Billions of proton-proton collision occurrences were recorded by the end of 2011. A computer network distribute worldwide with over 100000 processors will be used to evaluate the data. The processors are interconnected on a so-called grid. There is also a large computer network in Aachen, which saves and processes data as part of this grid.

As a result, researchers all over the world have access to the data and are able to evaluate the millions of saved collision records.

CMS - Contributions from RWTH Physics Institutes

All of the institutes have significantly contributed to both the development and construction of the CMS tracker and work intensively on data reconstruction and analysis.

I. Physics B

The department has played a leading role in the construction of the CMS tracker, the largest silicon strip detector ever built. One complete endcap, shown in the picture to the right, was integrated in the clean rooms of our institute.

Our physics data analyses focus on searches for the Higgs boson and for supersymmetric particles.

With the upgrade of the LHC to a yet more powerful machine on the horizon we have started research and development for a CMS tracker at the "SuperLHC".

III. Physics A

Depiction of a Muon Event CERN

The group is building muon detectors for the CMS experiment. In total, in a four-year period, the group has constructed 70 of the 250 muon chambers, and installed them at CERN.

The picture on the right portrays a spectacular event with four muons (the red lines). The event is characteristic of a Higgs decay in the CMS tracker. However it is also compatible with background processes.

Researchers of the institutes are actively involved in various investigations for a new physics, for example for supersymmetrical particles, new heavy guage bosons, and evidence of additional spatial dimensions, as well as measurements of top quarks. Additionally, the expansion of the muon system is being worked on for future challenges of an enhanced LHC with higher energy and higher data rates.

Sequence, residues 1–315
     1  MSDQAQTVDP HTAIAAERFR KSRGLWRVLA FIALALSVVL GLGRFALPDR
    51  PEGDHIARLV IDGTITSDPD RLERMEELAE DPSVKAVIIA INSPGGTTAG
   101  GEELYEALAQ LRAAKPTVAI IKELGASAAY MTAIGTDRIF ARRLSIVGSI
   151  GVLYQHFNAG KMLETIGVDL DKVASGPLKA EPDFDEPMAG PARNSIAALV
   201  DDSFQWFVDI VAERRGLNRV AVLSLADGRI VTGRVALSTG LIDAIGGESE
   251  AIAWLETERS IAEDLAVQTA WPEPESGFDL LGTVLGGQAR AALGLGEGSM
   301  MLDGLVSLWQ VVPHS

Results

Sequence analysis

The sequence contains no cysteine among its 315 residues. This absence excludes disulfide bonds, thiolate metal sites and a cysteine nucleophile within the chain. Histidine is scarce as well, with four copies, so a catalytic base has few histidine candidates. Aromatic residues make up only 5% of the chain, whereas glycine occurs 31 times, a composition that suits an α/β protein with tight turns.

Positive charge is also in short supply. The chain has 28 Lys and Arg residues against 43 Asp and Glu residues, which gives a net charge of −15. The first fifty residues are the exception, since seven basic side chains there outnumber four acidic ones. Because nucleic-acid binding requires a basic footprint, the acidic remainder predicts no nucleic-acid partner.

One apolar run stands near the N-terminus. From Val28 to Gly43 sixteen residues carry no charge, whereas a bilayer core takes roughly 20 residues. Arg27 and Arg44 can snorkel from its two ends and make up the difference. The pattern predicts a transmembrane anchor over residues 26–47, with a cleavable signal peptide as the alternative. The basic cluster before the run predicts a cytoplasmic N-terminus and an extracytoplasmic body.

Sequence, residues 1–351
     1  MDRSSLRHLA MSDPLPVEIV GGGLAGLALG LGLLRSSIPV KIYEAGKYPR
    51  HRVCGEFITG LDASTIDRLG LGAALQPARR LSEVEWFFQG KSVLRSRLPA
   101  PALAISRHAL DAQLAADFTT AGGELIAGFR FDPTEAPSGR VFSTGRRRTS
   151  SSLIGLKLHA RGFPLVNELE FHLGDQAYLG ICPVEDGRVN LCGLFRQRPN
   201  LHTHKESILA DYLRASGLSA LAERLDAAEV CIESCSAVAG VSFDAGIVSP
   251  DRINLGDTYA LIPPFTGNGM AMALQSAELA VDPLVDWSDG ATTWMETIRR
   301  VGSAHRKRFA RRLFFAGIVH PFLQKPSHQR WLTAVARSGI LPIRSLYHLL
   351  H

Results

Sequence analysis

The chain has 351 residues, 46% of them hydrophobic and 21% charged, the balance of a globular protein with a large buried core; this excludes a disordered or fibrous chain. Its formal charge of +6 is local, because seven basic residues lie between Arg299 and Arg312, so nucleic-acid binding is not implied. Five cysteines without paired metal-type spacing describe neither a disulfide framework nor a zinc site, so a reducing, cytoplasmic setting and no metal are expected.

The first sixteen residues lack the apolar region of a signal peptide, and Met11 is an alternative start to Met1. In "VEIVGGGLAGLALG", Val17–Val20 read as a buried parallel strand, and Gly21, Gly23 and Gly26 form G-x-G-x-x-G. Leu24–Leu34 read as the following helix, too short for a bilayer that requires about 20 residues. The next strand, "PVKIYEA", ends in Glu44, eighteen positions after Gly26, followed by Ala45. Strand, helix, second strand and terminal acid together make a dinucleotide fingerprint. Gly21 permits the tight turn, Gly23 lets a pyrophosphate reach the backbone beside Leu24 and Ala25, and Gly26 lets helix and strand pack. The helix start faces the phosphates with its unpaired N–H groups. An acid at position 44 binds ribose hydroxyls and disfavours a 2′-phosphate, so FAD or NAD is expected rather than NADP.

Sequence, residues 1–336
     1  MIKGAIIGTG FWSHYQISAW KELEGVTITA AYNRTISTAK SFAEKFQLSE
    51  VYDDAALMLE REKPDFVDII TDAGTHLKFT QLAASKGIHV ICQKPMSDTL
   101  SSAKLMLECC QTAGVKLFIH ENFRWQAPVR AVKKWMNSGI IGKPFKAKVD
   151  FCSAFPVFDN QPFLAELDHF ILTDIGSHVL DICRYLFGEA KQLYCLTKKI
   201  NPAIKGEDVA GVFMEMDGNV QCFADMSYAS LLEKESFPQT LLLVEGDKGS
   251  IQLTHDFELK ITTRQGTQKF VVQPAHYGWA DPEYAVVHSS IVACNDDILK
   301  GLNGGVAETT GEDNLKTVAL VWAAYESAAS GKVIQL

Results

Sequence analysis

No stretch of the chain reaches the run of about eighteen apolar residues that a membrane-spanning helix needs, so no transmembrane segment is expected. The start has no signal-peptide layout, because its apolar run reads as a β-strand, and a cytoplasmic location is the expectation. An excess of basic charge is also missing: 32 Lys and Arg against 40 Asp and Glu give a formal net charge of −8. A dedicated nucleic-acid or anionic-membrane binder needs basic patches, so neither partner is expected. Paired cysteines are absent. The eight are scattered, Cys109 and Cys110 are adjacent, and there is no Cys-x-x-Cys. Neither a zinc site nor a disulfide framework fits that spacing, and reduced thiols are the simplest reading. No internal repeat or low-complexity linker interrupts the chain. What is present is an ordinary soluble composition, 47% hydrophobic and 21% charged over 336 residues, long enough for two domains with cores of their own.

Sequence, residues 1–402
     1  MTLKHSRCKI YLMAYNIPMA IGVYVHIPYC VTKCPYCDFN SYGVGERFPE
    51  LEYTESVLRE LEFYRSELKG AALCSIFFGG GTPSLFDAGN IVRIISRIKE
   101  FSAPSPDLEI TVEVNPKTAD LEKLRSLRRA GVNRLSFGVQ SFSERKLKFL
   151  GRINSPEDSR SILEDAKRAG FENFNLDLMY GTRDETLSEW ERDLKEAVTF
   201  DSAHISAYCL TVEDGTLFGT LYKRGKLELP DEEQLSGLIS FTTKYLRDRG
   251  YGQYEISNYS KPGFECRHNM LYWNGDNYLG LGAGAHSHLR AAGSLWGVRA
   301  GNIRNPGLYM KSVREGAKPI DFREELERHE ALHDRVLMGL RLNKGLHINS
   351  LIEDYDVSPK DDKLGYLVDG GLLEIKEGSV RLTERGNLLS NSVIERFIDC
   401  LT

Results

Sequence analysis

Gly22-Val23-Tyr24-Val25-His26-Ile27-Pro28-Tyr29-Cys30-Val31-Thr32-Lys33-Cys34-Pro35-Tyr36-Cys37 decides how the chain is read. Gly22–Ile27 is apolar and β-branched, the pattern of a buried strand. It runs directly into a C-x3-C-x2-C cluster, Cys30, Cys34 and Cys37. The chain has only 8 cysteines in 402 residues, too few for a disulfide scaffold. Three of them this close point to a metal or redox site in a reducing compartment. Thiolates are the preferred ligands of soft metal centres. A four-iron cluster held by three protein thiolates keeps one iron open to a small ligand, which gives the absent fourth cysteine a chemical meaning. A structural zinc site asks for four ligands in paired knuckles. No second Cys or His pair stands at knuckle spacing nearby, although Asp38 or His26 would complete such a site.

III. Physics B

At the institute, two major groups are involved in the CMS experiment: the "tracker group" and the "analysis group."

The tracker group has developed the official testing system for components to be used for the inner silicon tracker and contributed to the assembly of components into larger sub-structures.

Currently this group is preparing the analysis of test data from the silicon trackers, gained from measurements with cosmic muons.

The analysis group is preparing the analysis of experimental data in top physics and lepton number violating decays using Monte Carlo events.

Prospects for Students

In addition to the methods and content of current experimental particle physics, students and doctoral candidates learn how to work with large trackers, such as the CMS, programming tasks using the CMS software, and complex software packages, such as C++.

They become familiar with work in an important international collaboration and may have the opportunity to complete a research stay at CERN.

Students have the possibility to write their final thesis within the context of the CMS experiment. Example topics from recent years include:

  • Model Independent Investigations for a New Physics with the CMS Detector
  • Investigation of a Spin Correlation in Top-Pair Decays
  • Search for New Heavy Gauge Bosons with the CMS Tracker
  • Reconstruction of Supersymmetric Particles with the CMS Tracker
  • Development and Construction of New Particle Trackers